The tenor of the parshiyot changes this week and for the remainder of the Book of Shemot. Except for the episode of the Golden Calf which will take place in two weeks, the main theme is the construction of the Mishkan, the portable sanctuary that the Israelites carried with them during their 40 year sojourn through the desert. This week we read Parshat Terumah which describes the various vessels the Israelites were commanded to construct for the Mishkan, as well the instructions for the Mishkan itself.
The Torah describes the materials used for the Mishkan one of which is the skin of a Tachash. This is an animal, which according to the Talmud, existed only during the time of Moshe and apparently only to be used for the Mishkan. Rashi quotes the Talmud which describes this animal as a multi-colored one with a horn in the middle of its forehead. Commentators say that the beautiful skin of this Tachash was used for the uppermost cover of the Mishkan.
As with many of the episodes in the Torah, there are so many lessons to be gleaned. The same is true here. Rabbi Avraham Yitzchak HaKohen Kook, the first chief rabbi of the Jewish community in Palestine, taught one such lesson. He writes that the skin of the tachash with its many colors represents the talents of many people to be used together for one purpose.
In Parshat Noah, the people of the earth united and built a tower to the heavens. Unfortunately, that venture ended up as a failure, for even though they had a sole purpose, "to make a name for ourselves," it was ultimately a selfish one and the people were scattered and given different languages to keep them separate. Rabbi Lord Jonathan Sacks, the former chief rabbi of the British Commonwealth makes the point that the construction of the Mishkan, which unified people as well, was different. The construction of the Mishkan was the "first great project" of the Jewish people. While the Mishkan was temporary to be sure, it brought the Israelites together for one united purpose. People brought materials, in fact they brought so much that Moshe had to ask them to stop, they brought their time and they brought their talents, with one Divine focus.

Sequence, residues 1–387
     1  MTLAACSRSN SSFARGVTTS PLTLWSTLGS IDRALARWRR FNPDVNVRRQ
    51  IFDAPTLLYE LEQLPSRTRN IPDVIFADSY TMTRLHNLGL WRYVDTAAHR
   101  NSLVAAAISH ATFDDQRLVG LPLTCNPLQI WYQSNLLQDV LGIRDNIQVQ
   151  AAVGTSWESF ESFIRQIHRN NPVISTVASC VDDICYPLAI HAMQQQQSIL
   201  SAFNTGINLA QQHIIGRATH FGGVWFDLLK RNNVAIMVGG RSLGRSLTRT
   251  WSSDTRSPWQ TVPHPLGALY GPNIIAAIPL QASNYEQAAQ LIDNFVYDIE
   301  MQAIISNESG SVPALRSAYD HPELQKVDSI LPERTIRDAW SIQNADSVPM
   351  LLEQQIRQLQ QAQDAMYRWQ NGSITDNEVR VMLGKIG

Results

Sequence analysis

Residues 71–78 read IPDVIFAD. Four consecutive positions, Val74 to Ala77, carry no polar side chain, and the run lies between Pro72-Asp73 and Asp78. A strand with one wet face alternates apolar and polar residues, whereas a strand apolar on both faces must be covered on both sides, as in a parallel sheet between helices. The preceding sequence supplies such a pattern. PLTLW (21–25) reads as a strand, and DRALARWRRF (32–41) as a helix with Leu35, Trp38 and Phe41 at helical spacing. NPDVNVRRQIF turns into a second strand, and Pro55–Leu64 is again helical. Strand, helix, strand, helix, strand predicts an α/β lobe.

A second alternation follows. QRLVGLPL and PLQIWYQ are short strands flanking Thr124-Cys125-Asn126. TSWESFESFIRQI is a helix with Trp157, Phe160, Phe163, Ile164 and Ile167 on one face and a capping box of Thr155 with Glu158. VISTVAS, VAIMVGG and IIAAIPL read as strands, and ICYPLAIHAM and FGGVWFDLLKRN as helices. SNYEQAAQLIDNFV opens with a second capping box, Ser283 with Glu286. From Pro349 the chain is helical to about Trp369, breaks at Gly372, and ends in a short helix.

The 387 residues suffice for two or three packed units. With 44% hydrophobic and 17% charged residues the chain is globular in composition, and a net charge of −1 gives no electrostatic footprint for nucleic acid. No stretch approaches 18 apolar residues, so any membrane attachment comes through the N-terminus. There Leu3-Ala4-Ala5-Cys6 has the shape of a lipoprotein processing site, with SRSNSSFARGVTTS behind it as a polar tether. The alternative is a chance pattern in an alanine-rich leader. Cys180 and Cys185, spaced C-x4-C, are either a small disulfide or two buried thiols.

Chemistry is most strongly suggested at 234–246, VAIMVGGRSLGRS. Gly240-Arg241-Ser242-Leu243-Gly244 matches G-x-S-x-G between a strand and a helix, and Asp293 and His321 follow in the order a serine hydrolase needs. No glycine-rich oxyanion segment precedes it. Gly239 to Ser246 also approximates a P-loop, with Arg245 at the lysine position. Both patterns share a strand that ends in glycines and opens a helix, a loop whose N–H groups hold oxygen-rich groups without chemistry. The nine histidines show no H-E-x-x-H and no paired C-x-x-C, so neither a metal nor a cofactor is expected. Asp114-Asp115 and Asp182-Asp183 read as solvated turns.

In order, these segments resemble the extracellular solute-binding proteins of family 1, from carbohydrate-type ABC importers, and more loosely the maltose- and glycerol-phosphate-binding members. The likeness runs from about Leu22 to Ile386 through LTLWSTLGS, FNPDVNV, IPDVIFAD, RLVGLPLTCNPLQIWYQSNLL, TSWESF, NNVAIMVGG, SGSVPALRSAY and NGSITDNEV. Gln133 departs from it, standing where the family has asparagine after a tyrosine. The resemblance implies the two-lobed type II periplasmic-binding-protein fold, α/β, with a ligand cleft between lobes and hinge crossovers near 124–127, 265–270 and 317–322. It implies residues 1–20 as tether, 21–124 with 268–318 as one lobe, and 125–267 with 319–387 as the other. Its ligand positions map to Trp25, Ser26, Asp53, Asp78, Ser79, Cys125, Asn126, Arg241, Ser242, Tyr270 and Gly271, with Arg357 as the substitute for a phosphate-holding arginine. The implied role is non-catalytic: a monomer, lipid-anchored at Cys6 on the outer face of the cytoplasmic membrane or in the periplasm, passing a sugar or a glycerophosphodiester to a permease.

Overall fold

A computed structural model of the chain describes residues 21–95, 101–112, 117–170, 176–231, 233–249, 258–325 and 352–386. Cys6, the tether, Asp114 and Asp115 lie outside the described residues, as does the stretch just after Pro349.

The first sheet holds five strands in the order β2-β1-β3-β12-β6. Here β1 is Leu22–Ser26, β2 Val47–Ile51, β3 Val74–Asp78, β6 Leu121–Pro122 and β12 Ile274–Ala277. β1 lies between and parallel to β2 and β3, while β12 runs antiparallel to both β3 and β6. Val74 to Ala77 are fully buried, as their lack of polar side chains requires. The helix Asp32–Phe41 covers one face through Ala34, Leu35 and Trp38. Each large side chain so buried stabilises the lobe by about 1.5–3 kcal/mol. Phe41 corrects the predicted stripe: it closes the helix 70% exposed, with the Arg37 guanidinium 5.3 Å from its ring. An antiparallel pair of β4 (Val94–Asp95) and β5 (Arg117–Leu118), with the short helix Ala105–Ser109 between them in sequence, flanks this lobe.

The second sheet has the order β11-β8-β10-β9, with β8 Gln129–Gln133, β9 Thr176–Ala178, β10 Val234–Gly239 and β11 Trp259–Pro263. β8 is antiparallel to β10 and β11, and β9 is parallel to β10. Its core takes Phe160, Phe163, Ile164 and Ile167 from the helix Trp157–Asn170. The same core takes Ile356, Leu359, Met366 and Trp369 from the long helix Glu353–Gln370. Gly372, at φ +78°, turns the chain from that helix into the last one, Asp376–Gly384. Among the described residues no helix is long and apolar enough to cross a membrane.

The Mishkan united the people. This period in many ways was one of preparation of the people for the time when they would enter the Land of Israel and create a new society there based on the teachings of the Torah. The difference was that the miracles that occurred during the 40 years in the desert were more overt than those later on. The people needed to learn to work together, and the Divine request for people to donate to this Mishkan teaches that everyone has something significant to contribute. There will always be challenges to be sure, but when people unite their talents, as represented by the Tachash, when there is a common, noble (in this case Divine) aspiration, unlike the Tower of Babel incident, greatness shines forth.
This is our mandate here at GBDS. May we continue to unite, to pool our collective talents, to work as one so that a rich, meaningful, beautiful Judaism emerges in all its splendor.
Wishing all a wonderful and restful Presidents' Week vacation